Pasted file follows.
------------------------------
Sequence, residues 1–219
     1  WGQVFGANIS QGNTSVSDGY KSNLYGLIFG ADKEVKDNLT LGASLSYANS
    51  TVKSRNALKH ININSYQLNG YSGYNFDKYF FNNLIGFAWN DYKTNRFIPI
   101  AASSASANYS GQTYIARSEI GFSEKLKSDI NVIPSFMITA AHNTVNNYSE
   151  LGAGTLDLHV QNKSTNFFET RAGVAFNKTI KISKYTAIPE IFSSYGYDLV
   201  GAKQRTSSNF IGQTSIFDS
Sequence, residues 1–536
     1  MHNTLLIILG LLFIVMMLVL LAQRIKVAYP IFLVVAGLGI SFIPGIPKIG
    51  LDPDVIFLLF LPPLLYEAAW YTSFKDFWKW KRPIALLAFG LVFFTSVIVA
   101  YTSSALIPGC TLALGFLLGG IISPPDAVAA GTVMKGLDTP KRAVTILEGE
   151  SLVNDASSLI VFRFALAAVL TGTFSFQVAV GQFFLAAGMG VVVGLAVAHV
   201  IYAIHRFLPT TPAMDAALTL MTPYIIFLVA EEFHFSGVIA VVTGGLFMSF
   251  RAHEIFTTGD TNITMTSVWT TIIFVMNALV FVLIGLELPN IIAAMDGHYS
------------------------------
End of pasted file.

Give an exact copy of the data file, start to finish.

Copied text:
Sequence, residues 1–219
     1  WGQVFGANIS QGNTSVSDGY KSNLYGLIFG ADKEVKDNLT LGASLSYANS
    51  TVKSRNALKH ININSYQLNG YSGYNFDKYF FNNLIGFAWN DYKTNRFIPI
   101  AASSASANYS GQTYIARSEI GFSEKLKSDI NVIPSFMITA AHNTVNNYSE
   151  LGAGTLDLHV QNKSTNFFET RAGVAFNKTI KISKYTAIPE IFSSYGYDLV
   201  GAKQRTSSNF IGQTSIFDS
Sequence, residues 1–536
     1  MHNTLLIILG LLFIVMMLVL LAQRIKVAYP IFLVVAGLGI SFIPGIPKIG
    51  LDPDVIFLLF LPPLLYEAAW YTSFKDFWKW KRPIALLAFG LVFFTSVIVA
   101  YTSSALIPGC TLALGFLLGG IISPPDAVAA GTVMKGLDTP KRAVTILEGE
   151  SLVNDASSLI VFRFALAAVL TGTFSFQVAV GQFFLAAGMG VVVGLAVAHV
   201  IYAIHRFLPT TPAMDAALTL MTPYIIFLVA EEFHFSGVIA VVTGGLFMSF
   251  RAHEIFTTGD TNITMTSVWT TIIFVMNALV FVLIGLELPN IIAAMDGHYS